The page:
Patry’s. When the Patry family is at work, you can’t go wrong. Start with the poireaux farcis (stuffed leeks) or the delicate, light, near-perfect vichyssoise, then have any of the superb entrees: a wonderful coq au vin, a filet in a flawless béamaise, or their splendid escalope of veal. The place itself is a bit sterile except tor their terrific – and very French – little bar. (2504 McKinney/748-3754/Tue-Sun 6-11, Sat till 11:30, closed Mon/Reservations/AII credit cards/$$$)

D Revisits Three Vikings. We were making jokes about the Swedish chef on the “Mup-pet Show” – the one who makes chocolate mousse with a real moose – when we went in. We weren’t joking when we left – this is a delightful restaurant, with a charm unlike any other in town Part of its charm comes from the fact that it’s run by two generations of a Swedish family. The son, Anders, is the chef, and the filet of sole Anders does credit to his name: perfectly cooked, with crabmeat and a light lemony sauce whose secret, his mother claims, he won’t divulge even to her. The Swedish steak, a sirloin that’s pounded flat, grilled, and served with a mushroom sauce, is also first-rate. And so are the rest of the entrees, from all reports. They do other things right, like fresh vegetables served lightly steamed, a terrific Swedish shrimp chowder, and a memorable chocolate cheese pie. Service is friendly and helpful – and a variety of unusual items makes the help necessary – without being gushy. The only complaints we can muster are that the house salad is uninspired, though that may have more to do with the availability of good lettuce these days than with any fault in the kitchen, and the wine list is inadequate. (2831 Greenville at Goodwin/827-6770/Mon-Sat 6-11/ Reserva-tions/MC. V. AE/$$$)

Pyramid Room. Hyatt-Regency or no, the Fairmont has an ace up its sleeve: the Pyramid Room. The overall dining experience here is unrivaled in Dallas. That’s attributable to its charming, efficient staff and a relaxed approach to splendid food. We’ve recently sampled the excellent veal chop baked with honey and dressed with grated carrot, even better was the lamb loin baked in a pastry shell with tarragon sauce – a lamb lover’s dream. Lunch is almost as great a pleasure – the calf’s liver with onions and baked apple is as good as you’ll ever taste, the fresh fruit salad truly fresh, and the pastry cart incredible. We even tried the “Pyramid Hamburger.” It was. of course, superb. (Fairmont Hotel, Ross & Akard/748-5454/Lunch: 11:30-2:30; Dinner: Daily 6-midnight/Reservationsi All credit cards/$$$$)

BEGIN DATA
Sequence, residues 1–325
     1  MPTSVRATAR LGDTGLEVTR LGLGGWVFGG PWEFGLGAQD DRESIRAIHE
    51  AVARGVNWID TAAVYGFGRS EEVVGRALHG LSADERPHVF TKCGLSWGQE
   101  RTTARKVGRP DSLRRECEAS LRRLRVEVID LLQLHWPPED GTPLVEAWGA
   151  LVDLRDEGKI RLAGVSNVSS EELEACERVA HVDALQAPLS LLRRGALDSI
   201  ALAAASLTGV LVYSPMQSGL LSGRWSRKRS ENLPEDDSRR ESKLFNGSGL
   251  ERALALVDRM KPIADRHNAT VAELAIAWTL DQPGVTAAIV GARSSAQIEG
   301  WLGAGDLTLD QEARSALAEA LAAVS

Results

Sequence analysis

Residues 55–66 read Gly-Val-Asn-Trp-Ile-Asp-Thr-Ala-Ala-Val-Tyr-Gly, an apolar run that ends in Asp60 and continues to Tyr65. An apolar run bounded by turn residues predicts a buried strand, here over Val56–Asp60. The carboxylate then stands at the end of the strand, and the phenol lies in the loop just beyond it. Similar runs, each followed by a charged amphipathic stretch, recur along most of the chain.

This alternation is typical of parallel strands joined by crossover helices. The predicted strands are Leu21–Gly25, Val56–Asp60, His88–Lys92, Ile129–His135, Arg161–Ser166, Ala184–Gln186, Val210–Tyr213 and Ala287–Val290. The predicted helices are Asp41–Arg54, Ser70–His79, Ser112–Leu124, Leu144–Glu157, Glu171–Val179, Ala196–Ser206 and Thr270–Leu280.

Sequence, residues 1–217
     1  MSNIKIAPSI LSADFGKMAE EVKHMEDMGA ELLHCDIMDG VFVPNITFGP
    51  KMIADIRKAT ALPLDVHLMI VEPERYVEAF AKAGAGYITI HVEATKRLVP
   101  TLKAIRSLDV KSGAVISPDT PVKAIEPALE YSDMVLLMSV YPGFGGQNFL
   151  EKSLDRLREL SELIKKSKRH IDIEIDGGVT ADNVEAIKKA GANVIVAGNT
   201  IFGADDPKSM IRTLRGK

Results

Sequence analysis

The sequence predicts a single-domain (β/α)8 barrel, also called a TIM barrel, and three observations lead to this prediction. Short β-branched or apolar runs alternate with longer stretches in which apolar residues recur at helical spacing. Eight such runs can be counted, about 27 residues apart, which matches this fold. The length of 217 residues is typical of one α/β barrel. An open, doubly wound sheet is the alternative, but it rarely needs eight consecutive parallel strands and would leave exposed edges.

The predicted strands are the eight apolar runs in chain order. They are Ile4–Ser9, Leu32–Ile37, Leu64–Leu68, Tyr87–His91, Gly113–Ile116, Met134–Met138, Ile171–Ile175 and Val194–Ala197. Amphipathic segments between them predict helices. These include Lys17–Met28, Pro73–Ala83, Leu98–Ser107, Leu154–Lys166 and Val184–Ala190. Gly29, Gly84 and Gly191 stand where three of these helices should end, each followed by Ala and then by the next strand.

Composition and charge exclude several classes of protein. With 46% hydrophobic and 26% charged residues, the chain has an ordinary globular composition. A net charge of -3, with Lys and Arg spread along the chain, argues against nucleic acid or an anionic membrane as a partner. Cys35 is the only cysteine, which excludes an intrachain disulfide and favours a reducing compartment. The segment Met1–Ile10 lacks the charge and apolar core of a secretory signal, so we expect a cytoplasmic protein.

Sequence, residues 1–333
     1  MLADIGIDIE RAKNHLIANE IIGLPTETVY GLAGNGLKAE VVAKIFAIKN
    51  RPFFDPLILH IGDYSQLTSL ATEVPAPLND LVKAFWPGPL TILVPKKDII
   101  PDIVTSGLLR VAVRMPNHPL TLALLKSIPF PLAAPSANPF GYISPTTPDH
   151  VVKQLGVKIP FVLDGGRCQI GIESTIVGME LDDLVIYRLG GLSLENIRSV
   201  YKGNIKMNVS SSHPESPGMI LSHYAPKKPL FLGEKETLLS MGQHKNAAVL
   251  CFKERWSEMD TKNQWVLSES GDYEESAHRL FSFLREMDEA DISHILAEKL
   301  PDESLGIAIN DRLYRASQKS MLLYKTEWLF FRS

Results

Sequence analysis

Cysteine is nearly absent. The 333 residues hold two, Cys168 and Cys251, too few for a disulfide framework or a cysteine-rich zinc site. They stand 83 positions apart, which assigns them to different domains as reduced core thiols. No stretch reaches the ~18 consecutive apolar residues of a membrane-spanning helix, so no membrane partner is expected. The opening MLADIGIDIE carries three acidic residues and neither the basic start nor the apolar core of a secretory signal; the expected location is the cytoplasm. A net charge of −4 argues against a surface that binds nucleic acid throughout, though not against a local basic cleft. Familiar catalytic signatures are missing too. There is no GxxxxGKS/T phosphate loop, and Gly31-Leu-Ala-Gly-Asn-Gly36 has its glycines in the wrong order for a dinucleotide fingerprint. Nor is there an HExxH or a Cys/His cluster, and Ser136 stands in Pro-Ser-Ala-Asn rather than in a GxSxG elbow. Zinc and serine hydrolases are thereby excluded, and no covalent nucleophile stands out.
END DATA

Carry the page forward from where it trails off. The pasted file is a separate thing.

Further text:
lanni’s. A family-run restaurant with excellent pasta – try the baked ziti with eggplant and mozzarella or the buttery, thick fet-tucini lanni – and terrific appetizers. The “house specialties,” on the other hand, are nothing special. Good desserts and coffee; tacky decor. (2230 Greenville/826-6161/Mon-Thur 5-11:00, Fri & Sat 5:30-11:30,Sun 5-10:30/Reservations/MC, V, AE/$$)

II Sorrento. Still maintaining the elusive blend of friendliness and intimacy that gives it a unique personality among Dallas restaurants, II Sorrento is competently staffed from strolling musicians to head chef. Its veal dishes are invariably superb, and the beef entrees – tournedos Rossini and medallions of beef frascati in particular – are outstanding. An excellent wine list and knowledgeable sommelier. And the most delightfully hokey decor in town. The only major criticism we have is that reservations sometimes get lost and you wind up waiting in the bar anyway. Fortunately, the food is worth it. (8676 Turtle Creek, north of Northwest Hwy/352-8759/ Daily 5:30-11, Sat till midnight/Reservations except on Fri & Sat/All credit cards/$$$)